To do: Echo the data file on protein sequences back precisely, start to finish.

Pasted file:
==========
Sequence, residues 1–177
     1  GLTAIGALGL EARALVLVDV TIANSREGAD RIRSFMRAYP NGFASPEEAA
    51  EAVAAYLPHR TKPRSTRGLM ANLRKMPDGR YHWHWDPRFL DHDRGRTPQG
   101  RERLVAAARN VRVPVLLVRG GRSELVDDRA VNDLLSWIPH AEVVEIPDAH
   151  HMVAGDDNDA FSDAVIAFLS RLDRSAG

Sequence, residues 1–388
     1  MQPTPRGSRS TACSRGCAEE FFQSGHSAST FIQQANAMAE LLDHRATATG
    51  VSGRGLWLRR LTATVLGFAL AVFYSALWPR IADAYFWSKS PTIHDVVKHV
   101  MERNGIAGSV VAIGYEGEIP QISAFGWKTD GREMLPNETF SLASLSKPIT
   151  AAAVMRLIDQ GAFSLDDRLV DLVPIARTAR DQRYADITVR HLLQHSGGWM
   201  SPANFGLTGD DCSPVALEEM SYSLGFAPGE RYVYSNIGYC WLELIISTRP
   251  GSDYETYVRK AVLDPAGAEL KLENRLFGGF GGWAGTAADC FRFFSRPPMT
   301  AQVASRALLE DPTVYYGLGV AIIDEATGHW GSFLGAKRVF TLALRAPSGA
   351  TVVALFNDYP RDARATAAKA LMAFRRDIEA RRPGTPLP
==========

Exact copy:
Sequence, residues 1–177
     1  GLTAIGALGL EARALVLVDV TIANSREGAD RIRSFMRAYP NGFASPEEAA
    51  EAVAAYLPHR TKPRSTRGLM ANLRKMPDGR YHWHWDPRFL DHDRGRTPQG
   101  RERLVAAARN VRVPVLLVRG GRSELVDDRA VNDLLSWIPH AEVVEIPDAH
   151  HMVAGDDNDA FSDAVIAFLS RLDRSAG

Sequence, residues 1–388
     1  MQPTPRGSRS TACSRGCAEE FFQSGHSAST FIQQANAMAE LLDHRATATG
    51  VSGRGLWLRR LTATVLGFAL AVFYSALWPR IADAYFWSKS PTIHDVVKHV
   101  MERNGIAGSV VAIGYEGEIP QISAFGWKTD GREMLPNETF SLASLSKPIT
   151  AAAVMRLIDQ GAFSLDDRLV DLVPIARTAR DQRYADITVR HLLQHSGGWM
   201  SPANFGLTGD DCSPVALEEM SYSLGFAPGE RYVYSNIGYC WLELIISTRP
   251  GSDYETYVRK AVLDPAGAEL KLENRLFGGF GGWAGTAADC FRFFSRPPMT
   301  AQVASRALLE DPTVYYGLGV AIIDEATGHW GSFLGAKRVF TLALRAPSGA
   351  TVVALFNDYP RDARATAAKA LMAFRRDIEA RRPGTPLP